I got off the plane and stepped out into the height of rainy season. The hard stuff struck me like the honeymoon glow of language school blowing its first transformer. Mold in full bloom on our car seats and furniture. Trash scattered on the streets. The cramped feel of our house after the heartland’s big wide open. Five years serving in Costa Rica grooved it all normal, but 3 weeks stateside lured me out of sync with pura vida rhythms.
As a missionary, stateside visits are a sprint effort. Work and play full out, all of it different from the routine of life abroad. It doesn’t take long to acclimate to the absence of pre-dawn roosters, childcare by grandparents, or hometown selection and prices.
I thought re-entry stress would dissipate as we became seasoned at life here. It’s always nice to get back into our own space, sleep in our own beds, cook in our own kitchen. Each time the bump of transition greets me with the new ink in my passport, whichever direction I’m going. I no longer see it as an assessment of my functionality at the destination. It’s just an admission that change is always a little difficult, wherever you call home.
How do we smooth the landing, or just shake off the everyday doldrums, and fall in love with normal again? When our nest is cozy, life follows suit, so that’s a great place to start.
No kidding. The best way to appreciate something is to invest in it. When I feel down on my digs, one solution is to grab a rag and use it. This doesn’t mean clean everything. Martha Stewart is not the goal; progress is. I cut a deal with myself to dirty one dust rag or wipe one wall. The clean spot usually leads to another, a beneficial momentum. Clear windows aren’t my strong suit, but they do give a better view. Tackling dust bunnies, or let’s be honest–woolly mammoths–helps me feel in control.
I can make this place better. I can make a difference. I can love this again.
Let something go.
A statement I heard years ago stuck with me: what we love about all those Pinterest decor shots is really the lack of clutter. Everything inside our walls costs us physical and emotional space. Suitcases usually return from our passport country laden with goodness. The abundance is like Christmas, but it all has to fit somewhere.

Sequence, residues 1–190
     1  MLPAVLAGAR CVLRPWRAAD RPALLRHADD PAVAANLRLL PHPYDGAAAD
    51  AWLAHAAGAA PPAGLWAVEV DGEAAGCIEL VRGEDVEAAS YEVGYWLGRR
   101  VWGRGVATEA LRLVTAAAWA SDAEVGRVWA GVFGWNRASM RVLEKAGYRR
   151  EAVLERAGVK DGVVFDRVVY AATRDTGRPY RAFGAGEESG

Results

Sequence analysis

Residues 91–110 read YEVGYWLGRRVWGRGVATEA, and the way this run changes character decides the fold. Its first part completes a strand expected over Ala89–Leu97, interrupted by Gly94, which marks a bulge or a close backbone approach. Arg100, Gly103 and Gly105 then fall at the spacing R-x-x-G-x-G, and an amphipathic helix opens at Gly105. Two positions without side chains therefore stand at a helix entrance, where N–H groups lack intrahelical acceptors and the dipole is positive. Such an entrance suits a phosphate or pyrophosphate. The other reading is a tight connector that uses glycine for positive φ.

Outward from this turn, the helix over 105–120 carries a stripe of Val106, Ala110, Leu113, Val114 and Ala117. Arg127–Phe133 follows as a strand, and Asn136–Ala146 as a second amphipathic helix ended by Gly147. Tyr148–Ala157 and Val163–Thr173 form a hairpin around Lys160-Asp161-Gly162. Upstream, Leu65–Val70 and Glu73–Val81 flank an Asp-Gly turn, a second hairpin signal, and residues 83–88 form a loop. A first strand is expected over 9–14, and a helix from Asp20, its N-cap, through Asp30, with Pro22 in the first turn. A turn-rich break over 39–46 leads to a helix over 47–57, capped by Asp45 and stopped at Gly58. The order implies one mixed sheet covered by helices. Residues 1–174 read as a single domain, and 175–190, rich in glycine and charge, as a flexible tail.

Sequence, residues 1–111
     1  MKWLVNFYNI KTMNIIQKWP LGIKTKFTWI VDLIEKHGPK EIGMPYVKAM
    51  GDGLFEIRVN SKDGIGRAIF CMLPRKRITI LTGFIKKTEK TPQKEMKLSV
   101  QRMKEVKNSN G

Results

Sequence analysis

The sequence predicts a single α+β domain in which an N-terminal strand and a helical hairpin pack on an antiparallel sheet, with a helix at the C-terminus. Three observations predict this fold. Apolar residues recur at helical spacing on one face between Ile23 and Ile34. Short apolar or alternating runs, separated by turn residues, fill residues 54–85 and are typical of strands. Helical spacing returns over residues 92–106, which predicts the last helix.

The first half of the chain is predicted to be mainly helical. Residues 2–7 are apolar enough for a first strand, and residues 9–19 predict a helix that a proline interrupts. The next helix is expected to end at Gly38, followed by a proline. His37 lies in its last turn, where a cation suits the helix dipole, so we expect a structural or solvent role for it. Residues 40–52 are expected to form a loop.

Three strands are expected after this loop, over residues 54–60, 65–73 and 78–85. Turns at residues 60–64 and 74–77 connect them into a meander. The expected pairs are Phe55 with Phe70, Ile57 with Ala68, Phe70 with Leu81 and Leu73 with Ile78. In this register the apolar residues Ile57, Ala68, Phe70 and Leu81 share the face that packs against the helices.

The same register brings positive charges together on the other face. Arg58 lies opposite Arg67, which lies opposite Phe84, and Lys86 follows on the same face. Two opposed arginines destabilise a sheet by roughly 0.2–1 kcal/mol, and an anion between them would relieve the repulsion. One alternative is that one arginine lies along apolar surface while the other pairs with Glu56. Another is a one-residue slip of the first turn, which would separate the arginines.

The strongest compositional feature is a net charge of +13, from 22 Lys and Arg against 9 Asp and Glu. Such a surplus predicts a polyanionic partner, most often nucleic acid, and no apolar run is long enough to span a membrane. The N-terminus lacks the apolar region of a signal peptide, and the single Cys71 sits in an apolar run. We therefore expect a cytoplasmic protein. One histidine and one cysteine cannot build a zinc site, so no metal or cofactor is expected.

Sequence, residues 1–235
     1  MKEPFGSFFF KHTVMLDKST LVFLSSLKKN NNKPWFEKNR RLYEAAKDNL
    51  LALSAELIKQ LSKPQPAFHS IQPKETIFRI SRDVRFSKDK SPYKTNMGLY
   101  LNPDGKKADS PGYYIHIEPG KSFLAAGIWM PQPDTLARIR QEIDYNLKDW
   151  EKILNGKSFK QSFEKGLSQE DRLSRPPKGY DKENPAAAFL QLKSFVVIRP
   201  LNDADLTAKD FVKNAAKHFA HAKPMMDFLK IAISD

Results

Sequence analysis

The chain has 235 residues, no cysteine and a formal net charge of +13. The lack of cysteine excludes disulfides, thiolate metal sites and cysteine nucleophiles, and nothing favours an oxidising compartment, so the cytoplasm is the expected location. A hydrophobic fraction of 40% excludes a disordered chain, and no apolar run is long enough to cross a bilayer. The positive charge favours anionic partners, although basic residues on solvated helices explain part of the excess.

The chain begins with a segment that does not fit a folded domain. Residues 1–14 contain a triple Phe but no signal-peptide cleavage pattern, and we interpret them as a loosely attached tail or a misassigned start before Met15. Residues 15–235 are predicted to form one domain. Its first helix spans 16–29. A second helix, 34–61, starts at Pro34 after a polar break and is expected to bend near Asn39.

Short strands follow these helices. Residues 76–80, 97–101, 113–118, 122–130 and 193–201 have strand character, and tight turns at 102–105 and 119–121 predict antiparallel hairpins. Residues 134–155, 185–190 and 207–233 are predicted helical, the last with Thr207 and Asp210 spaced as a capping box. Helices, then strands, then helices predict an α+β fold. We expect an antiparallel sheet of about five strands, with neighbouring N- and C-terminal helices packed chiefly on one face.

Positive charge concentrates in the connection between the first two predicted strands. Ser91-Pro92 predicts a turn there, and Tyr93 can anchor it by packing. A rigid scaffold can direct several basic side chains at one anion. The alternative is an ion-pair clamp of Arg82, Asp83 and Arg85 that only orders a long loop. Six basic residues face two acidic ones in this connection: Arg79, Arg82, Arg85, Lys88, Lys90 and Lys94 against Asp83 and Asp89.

Use the happy of the new to help release the old. Send it forward as donations or landfill, and revel in the order and openness. I can’t make my house bigger, but I can reduce the unnecessary and make it feel that way. Last week I went medieval on our storage. I pitched expired meds, outgrown clothes, ratty shoes, and that stuff set aside months ago to see if I would miss it. No surprise–I didn’t.
Side note: do not let “maybe I’ll need this someday” trick you into keeping PVC pipe joints or random extra parts of any sort. You know your husband will go to the store and buy new things without searching the dusty “miscellaneous” box. Just say goodbye now and live free.
Save a bit of splurge for home.
Often we arrive at our doorstep with a back-to-the-grindstone attitude. The fun shouldn’t end the minute we cross the threshold. As we scrubbed mold and overhauled storage totes, my husband suggested we treat ourselves to lunch out after worship. I was surprised how nice it felt to have something to look forward to. It reminded me that life in our mission country isn’t all DIY. There is much to be enjoyed alongside the serving. Plan something playful to help your heart transition back.
Knowing is half the battle.
Expect turbulence in the landing. G.I. Joe had it right. Understanding makes it easier to walk through. Give yourself grace. Don’t pole vault into work the next day, if you can reasonably avoid it. Make time to reconnect. Message your friends on the ground and the ones you just hugged goodbye. Set a date for coffee or Skype. Leave white space to process.
What did you love about your time away? What bumped you about your home culture? What’s the good, bad, and ugly about being back?
Go to your happy place.
Sipping coffee on my balcony or getting creative in the kitchen puts new spring in my step. Getting outside of our walls into the sunshine is good for the soul. Sharing simple eats like popcorn or pancakes fill the house with something better than tasty smells–life.
So put your favorite tunes on, diffuse homey scents, light a candle, laugh together. Take space to be real and love real to see the extraordinary in the everyday again.
Lord, through all the generations
you have been our home. Psalm 90: 1a NLT
What are your favorite ways to reacclimate after a time away from normal routines? What makes you grateful to be home again?
Linked this post to VelvetAshes.com in The Grove: Content